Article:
Leading voices in both camps in the EU referendum recognise that Human Rights law has been affected by "mission creep" in the interests of sometimes very dubious claims of individual human rights and against national security. "Brexiteers" blame the EU for this, while "Remainers" point the finger at the European Human Rights Court in Strasbourg. Both are wrong.
The most surprising thing about Edward Snowden's revelations was how unsurprised we all were by them. The dystopian visions of our most paranoid friends had been confirmed and we all kind of shrugged and added a capital letter to our password which we later changed back to lower case because it was too difficult to remember.
he extent of NSA monitoring revealed by whistle-blower Edward Snowden showed that democratic and supposedly "free" governments do already attempt to monitor us. The scale of monitoring required is vast, but the technology is catching up. There are two technological changes that are taking place at present that I believe will fundamentally change our approach to privacy...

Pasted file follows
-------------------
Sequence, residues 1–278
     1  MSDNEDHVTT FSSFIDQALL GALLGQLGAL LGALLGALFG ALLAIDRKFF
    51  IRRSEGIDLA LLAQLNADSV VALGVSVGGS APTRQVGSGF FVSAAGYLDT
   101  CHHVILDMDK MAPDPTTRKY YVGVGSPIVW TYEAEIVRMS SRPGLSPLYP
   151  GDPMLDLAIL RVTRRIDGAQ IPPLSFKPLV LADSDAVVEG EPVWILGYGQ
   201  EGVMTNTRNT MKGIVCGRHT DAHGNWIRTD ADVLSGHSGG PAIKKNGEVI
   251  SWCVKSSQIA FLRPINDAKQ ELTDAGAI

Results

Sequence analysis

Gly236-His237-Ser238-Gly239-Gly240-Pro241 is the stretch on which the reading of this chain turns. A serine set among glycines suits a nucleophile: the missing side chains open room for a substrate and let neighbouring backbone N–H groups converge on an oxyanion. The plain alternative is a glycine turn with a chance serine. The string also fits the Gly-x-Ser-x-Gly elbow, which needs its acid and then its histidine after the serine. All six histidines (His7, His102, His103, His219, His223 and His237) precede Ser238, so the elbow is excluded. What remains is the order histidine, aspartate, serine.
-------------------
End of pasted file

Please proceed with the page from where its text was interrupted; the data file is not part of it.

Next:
The Investigatory Powers Bill proliferates spying for the sake of spying. It legalises the speculative mass surveillance powers being challenged in court by Liberty - and ignores suggestions there could be a better, more effective way. The Government sees the positive steps we all take to protect our privacy as a threat to be overcome at all costs, while failing to target resources at the real dangers.